Some will call this evidence that the Government cannot and should not be trusted with anything. But many of these are the same people currently promoting conspiracy theories around the COVID19 response when there is plenty of evidence that New Zealand’s success stems in no small part from reacting as we did. Yes, in hindsight the Government should have taken a bit longer to confirm the legal ground that it was standing on, but if we had waited another week or however long before putting lock down into effect, perhaps we would have a three digit death toll instead of 22.

That is not okay.

The case for voting YES in cannabis referendum


At the General Election of 19 September 2020, there will be a referendum on whether New Zealand should legalize cannabis.

There are numerous reasons why I am voting yes in the 2020 referendum on the legalization of cannabis. In the article following I lay out those reasons and explore some of the side issues around cannabis in New Zealand:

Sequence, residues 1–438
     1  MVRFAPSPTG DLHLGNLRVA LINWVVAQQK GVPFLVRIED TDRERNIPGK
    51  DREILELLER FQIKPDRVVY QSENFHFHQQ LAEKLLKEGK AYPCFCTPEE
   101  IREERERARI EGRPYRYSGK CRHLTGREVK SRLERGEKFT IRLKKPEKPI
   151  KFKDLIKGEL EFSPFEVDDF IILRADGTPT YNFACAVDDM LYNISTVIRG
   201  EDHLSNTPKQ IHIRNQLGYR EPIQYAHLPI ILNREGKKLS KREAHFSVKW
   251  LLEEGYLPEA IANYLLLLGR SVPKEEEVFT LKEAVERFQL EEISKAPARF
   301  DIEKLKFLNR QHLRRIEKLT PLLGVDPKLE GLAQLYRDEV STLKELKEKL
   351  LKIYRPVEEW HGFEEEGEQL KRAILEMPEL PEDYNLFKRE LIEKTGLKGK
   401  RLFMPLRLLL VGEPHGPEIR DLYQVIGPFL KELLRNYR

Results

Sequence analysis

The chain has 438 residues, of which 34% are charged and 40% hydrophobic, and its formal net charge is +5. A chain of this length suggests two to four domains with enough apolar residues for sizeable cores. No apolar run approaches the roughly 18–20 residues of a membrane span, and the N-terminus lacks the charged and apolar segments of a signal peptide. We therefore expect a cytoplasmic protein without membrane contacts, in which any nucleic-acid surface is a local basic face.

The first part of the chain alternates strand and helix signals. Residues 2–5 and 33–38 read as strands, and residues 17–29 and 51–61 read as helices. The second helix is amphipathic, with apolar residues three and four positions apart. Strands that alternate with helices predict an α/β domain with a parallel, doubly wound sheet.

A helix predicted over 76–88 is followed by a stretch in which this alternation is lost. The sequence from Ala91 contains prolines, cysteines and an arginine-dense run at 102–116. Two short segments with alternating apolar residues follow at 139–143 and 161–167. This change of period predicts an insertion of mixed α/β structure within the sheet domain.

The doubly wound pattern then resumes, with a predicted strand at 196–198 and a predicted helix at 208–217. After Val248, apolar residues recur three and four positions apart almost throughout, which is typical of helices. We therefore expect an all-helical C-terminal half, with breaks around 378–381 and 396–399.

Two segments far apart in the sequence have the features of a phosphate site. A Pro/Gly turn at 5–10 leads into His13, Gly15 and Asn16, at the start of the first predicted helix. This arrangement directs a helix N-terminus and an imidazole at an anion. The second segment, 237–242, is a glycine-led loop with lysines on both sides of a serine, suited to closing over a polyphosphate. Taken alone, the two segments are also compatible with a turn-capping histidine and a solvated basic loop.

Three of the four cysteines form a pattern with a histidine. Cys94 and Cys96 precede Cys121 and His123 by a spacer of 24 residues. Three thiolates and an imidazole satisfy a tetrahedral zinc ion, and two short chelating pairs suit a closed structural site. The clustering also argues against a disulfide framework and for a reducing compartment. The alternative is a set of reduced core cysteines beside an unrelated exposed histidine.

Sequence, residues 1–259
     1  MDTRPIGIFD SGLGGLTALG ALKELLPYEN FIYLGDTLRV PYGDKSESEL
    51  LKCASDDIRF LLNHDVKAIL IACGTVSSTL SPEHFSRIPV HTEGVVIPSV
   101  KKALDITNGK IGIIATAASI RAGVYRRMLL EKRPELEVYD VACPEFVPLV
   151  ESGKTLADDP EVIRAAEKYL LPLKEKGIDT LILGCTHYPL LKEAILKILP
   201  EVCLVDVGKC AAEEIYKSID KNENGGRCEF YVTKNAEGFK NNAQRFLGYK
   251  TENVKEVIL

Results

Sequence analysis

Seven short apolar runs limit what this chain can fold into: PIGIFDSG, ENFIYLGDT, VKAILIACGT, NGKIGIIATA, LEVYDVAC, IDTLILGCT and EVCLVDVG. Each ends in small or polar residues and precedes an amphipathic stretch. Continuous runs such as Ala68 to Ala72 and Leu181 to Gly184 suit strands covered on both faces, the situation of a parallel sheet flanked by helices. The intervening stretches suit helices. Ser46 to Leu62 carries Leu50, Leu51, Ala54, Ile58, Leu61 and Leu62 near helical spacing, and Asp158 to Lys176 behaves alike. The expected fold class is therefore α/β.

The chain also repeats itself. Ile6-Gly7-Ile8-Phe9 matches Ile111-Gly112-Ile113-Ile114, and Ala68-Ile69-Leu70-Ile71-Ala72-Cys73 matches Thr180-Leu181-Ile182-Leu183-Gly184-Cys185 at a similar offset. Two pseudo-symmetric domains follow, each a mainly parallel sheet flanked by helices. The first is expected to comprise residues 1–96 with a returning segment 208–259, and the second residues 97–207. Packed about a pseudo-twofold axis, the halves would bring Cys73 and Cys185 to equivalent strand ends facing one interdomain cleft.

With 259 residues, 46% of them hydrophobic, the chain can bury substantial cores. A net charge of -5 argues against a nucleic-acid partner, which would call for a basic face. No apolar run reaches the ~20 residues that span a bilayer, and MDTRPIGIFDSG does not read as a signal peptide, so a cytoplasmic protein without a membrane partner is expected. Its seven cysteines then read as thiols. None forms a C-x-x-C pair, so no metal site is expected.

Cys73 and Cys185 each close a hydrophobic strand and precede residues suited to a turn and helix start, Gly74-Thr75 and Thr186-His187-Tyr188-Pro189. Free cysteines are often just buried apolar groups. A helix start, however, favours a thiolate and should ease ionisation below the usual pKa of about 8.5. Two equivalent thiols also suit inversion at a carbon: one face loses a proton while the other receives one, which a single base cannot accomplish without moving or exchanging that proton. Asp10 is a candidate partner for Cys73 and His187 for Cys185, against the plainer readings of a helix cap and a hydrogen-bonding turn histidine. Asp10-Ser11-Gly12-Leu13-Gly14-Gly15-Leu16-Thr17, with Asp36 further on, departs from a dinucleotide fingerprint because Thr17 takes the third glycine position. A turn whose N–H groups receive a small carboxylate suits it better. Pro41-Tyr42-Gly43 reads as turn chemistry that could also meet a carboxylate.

• Low level cannabis offences take up police time, resources and tax payer money unnecessarily
  • The justice system is unnecessarily clogged with the resultant prosecutions from those offences
  • Minister of Justice Andrew Little has announced a probable regime that would be implemented should the referendum return a YES vote, which focuses on reducing harm
  • Recognition of need to address cannabis addiction as medical issue and not a criminal one

The regime that Mr Little has proposed, the regulatory regime would have the following provisions:

  • A minimum age of 20 for purchasing and using cannabis products
  • A ban on all marketing and advertising of cannabis
  • Requires harm minimisation messaging to be on products
  • No public use, but confined to homes and regulated premises
  • Restricts cannabis sales to physical stores